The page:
The Internet's global potential may have helped inflate dot-com stock valuations, said Peter Schaeffer, a managing director of retail and consumer strategy at Ernst & Young LLP in New York. But the lack of infrastructure and cash for the advertising needed to build a brand has kept retailers from living up to that promise, he said.

"It's not a whole new mythical thing. It's another channel. You've got to approach it with the [retail] fundamentals," said Jeff Roster, a senior analyst at Stamford, Conn.-based Gartner Dataquest.

"You've really got to maximize the economies of scale that you've got already, because that gives you the most chance of being profitable," said Brian Hume, president of Martec International Inc., a retail consultancy in Atlanta.

The many difficulties and vagaries inherent in the retail business have given even European retailers pause about expanding beyond their home-country borders.

Michael Gerke, managing director at PrimusTronix Europe GmbH, the online company affiliated with German retail giant Metro AG, said his company has resisted launching a U.K. Web site "because I'm afraid of losing money here."

"[U.S.-based] Outpost.com is about two and a half years ahead of us. They could be faster than we [are] in Europe. Why didn't they come already? Because the European market is segmented compared to the U.S. market, where they have one language, one product," Gerke said.

Cognizant of language barriers, Gerke said his company has expanded into only German-speaking parts of Austria and Switzerland.

The Pan-Europe Approach

Carol Dukes, CEO of ThinkNatural Ltd., an online retailer of natural health and personal care products, said financiers last year pressured her to go "pan-European" with her U.K.-based business and to make her business model "culturally flexible." She said she was told that European markets are small compared with U.S. markets. Building a large company would require entering numerous countries, she said.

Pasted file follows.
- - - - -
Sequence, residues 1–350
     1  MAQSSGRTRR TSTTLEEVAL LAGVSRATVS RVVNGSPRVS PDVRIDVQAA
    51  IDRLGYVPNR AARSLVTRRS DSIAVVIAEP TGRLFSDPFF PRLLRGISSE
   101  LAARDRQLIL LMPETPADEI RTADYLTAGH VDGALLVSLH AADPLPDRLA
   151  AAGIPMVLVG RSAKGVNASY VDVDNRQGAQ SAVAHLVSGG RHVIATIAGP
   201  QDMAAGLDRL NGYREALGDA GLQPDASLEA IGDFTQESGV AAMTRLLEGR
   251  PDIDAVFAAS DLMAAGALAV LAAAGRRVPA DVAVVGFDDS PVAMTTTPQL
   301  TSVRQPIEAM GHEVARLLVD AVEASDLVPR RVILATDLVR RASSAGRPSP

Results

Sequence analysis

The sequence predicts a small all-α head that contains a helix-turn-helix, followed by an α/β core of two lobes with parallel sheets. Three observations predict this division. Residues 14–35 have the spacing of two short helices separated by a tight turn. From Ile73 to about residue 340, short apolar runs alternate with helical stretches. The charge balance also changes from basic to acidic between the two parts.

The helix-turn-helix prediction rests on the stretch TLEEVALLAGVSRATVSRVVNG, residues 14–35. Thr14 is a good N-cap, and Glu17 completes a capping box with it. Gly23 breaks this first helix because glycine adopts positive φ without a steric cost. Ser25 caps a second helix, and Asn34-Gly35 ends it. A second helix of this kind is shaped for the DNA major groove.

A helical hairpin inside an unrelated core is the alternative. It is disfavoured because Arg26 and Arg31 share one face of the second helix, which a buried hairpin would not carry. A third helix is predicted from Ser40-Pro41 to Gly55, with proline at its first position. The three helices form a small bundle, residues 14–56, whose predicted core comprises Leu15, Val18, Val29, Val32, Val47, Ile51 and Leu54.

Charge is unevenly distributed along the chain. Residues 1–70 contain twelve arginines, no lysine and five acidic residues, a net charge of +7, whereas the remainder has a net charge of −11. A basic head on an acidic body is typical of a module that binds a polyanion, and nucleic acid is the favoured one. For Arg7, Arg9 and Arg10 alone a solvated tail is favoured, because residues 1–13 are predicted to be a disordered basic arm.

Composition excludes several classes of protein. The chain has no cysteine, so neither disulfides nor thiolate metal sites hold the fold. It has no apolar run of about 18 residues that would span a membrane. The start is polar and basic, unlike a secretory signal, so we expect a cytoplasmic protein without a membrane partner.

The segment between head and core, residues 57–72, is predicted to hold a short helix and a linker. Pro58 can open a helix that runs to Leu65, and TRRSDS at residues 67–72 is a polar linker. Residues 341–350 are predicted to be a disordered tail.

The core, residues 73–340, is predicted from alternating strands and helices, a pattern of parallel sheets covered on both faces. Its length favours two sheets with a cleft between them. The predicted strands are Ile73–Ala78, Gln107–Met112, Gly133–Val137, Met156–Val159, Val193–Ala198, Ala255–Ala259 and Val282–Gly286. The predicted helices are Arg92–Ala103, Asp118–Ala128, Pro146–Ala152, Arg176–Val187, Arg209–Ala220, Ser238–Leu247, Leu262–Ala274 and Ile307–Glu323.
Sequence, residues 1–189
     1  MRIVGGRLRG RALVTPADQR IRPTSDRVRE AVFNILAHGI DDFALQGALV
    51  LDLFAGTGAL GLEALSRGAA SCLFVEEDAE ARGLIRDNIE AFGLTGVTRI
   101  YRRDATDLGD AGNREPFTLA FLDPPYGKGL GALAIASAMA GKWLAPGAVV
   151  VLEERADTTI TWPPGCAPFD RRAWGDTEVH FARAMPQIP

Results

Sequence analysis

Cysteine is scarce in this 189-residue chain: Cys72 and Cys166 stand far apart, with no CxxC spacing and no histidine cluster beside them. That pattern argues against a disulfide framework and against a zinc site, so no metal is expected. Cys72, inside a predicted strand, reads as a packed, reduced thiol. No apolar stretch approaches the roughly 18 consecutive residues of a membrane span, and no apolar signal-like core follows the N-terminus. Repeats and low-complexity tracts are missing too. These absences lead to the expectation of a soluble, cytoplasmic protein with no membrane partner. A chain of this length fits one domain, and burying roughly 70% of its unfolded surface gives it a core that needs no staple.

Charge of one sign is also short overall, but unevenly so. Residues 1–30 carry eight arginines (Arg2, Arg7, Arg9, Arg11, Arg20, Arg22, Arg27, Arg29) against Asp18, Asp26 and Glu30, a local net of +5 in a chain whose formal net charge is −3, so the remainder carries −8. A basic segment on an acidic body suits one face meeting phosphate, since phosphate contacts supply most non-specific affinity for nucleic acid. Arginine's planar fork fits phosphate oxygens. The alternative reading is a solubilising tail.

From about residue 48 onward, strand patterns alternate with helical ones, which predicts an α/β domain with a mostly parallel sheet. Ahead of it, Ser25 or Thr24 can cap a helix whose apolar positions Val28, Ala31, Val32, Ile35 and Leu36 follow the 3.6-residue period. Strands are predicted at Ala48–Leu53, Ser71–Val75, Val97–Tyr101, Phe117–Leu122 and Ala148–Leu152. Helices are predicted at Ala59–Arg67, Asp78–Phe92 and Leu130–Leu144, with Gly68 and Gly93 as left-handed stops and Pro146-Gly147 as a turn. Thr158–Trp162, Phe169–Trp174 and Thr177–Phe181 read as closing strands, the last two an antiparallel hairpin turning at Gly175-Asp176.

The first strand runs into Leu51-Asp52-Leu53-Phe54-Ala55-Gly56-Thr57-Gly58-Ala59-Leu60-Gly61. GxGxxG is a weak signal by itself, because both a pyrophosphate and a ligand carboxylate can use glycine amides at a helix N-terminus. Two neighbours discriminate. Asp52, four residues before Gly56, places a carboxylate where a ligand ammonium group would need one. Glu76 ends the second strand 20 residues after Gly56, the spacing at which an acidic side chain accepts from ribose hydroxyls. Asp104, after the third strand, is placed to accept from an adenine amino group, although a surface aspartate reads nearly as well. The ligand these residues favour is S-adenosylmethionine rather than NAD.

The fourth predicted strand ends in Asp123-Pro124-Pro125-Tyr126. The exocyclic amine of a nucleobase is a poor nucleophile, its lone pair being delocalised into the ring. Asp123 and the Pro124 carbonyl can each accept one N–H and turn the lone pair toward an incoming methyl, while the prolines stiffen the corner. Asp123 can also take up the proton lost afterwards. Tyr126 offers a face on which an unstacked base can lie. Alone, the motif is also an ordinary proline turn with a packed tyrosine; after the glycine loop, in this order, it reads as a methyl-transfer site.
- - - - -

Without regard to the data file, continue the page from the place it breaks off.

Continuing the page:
"It was the latest buzz thing at the time. They said, 'Well, individual European markets are relatively small compared with the U.S., so if we're going to build a big company, then we need to be able to build it in all the European countries so that we've got a big potential market," Dukes recalled.

A seasoned businesswoman, Dukes rejected pan-European expansion and built only one non-U.K.-based Web site and mail-order operation in Germany, because that country has "by far Europe's biggest natural health products market and mail-order market."

But the expansion wasn't without pain. Dukes noted that her new company achieved few economies of scale. Besides technology and senior management, "everything has to be built from the ground up in the local area."

Retailers with economies of scale in an existing global business stand a better chance at expansion, and mail-order outfits may be in the best shape, analysts said. Lands' End Inc., for instance, built catalog operations in the U.K. in 1991, in Japan in 1994 and in Germany in 1996. When the Dodgeville, Wis.-based retailer launched Web sites in those countries in November 1999, it already had the necessary distribution and call centers in place.

Lands' End reaped further benefits when it built Web sites in Ireland, France and Italy. Sam Taylor, vice president of international operations, said the French site cost 12 times less to launch than the U.K. site, and the Italian site cost 16 times less. "Over the course of 12 months, we launched in six countries," Taylor said. "We could never have launched in France and Italy and Ireland if the catalog operation wasn't there."

HMV UK Ltd. in London has gradually opened sites in countries (the U.K., Canada, Japan and Australia) where it had brick-and-mortar operations.

"It's all about timing," said Stuart Rowe, general manager of HMV Direct & E-Commerce. "Only invest what you can afford, and don't go for unknown forecasts."

Kingfisher's Cheshire said his company will expand on a country-by-country basis where it has brick-and-mortar operations, sharing the back end as much as possible. But he's treading carefully, particularly when it comes to IT work for multichannel integration.

"How can you justify on, say, 1% of your sales, 50% of your IT budget?" Cheshire said. "What you have to do is say, 'What can I absolutely function from the e-commerce point on with, and then how do I start finding money to build applications which I know will have a life?"